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Idaho AG, ISP address statements made by Lt. Governor on homelessness demonstration near Capitol

In recent weeks Lt. Gov. McGeachin has called for action on the homelessness demonstration near the Capitol.

BOISE, Idaho — Over the weekend, Lt. Governor Janice McGeachin continued to speak out about the demonstration set up across the street from the Capitol. Demonstrators tell KTVB that they are trying to draw attention to the lack of affordable housing and available emergency shelter beds. Skeptics, including McGeachin, disagree, saying this about something else.  

“Liberal and former BLM activists are exploiting the homeless. They want you and I to pay for shelter with no rules,” McGeachin said during the Kootenai County Republican Central Committee's Lincoln Day Dinner over the weekend.

McGeachin’s involvement in the situation dates back a few weeks. Back on February 2nd, McGeachin sent a letter to the Governor and Attorney General about the demonstration at the old Ada County Court House. She wrote that demonstrators are violating an Idaho Code that prohibits camping on specific state property and anyone violating that code, she says, is ”considered guilty of an infraction and required to remove all personal property from the area.” She adds that Idaho code gives the Department of Administration the authority to close an area if there is landscape destruction.

The letter goes on to say that Idaho State Police have tried to work with the community on a solution but to no avail. So, she calls on Governor Little and Attorney General Lawrence Wasden to take action to enforce the Idaho code she referenced.  

That same day, McGeachin took to social media to share her frustrations with the situation saying the demonstration should not be protected as symbolic speech because they are breaking Idaho code. McGeachin appears to also take credit for ISP troopers going through the demonstration to take contraband and clear trash.  

Two days later, Feb. 4th, The AG’s office responded to McGeachin’s letter saying “The purpose of my correspondence is to note how unhelpful your letter was in regard to the overall work the State has been doing in recent weeks on this very issue. Multiple State offices and agencies have collaborated in an attempt to rectify a delicate situation that requires a balance of complex legal matters involving state statutes, case law and the First Amendment.”

The letter finishes saying,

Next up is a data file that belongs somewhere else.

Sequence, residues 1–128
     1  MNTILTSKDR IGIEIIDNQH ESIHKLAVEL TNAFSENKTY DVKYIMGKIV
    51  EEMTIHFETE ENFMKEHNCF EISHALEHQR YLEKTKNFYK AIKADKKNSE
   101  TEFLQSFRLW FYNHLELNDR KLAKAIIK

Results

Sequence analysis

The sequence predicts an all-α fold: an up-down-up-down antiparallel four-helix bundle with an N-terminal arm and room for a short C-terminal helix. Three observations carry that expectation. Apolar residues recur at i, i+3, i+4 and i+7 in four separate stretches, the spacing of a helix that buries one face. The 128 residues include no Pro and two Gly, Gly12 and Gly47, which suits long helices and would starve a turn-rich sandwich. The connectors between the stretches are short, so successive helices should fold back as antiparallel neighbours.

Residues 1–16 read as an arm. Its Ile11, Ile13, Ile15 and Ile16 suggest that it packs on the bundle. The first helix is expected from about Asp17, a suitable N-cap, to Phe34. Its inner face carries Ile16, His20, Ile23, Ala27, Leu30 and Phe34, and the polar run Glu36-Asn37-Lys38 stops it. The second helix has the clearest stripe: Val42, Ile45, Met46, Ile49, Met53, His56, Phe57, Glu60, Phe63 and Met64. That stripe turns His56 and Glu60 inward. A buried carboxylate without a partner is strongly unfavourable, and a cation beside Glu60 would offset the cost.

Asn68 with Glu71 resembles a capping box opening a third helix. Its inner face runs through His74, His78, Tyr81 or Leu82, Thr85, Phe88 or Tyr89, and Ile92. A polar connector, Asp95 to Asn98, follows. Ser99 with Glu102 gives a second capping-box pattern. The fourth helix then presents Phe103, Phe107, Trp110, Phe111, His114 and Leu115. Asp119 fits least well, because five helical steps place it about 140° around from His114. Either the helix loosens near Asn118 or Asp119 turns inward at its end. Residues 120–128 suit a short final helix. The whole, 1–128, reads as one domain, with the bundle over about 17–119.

“Contrary to the assertion in your letter, neither the Idaho Constitution nor Idaho Code provide the Attorney General with enforcement authority over the Capitol Mall grounds. That authority is specifically assigned by statute to the Department of Administration and the Idaho State Police. Those entities continue to enforce Idaho law in a manner that is responsible, measured, and legally defensible should it be challenged in court. If the State or its agencies’ actions are challenged in court, this office stands ready to defend them.”

That same day, Feb. 4th, McGeachin also heard back from the director of the Idaho State Police, Col. Kedrick Wills. His letter starts by acknowledging McGeachin’s comments saying, “in which you were critical of Idaho State Police's response to the situation at the Capitol Annex. I am also aware of recent statements you have made on social media.” Wills wrote. He goes on to say, “Troopers previously briefed you on the situation at your request. As was communicated to you, the situation at the Capitol Annex is highly complex and involves vulnerable members of our community deserving of respect. ISP is working closely with the stakeholders to execute a deliberate and strategic response that protects the rights and interests of the public as well as those present at the annex.” The letter finishes saying, “Please be cognizant that your public statements on this matter may be counterproductive to police efforts and subject the state to unnecessary legal risk.”

Despite the letters to McGeachin, this past weekend she doubled down on her idea to simply clear the demonstration, despite clear legal issues.

“It can be corrected through administrative rule,” McGeachin said. “To our attorney general, I invite you to come to my office and we'll be happy to share this idea with you how we can through administrative rule clean up Tent City.”

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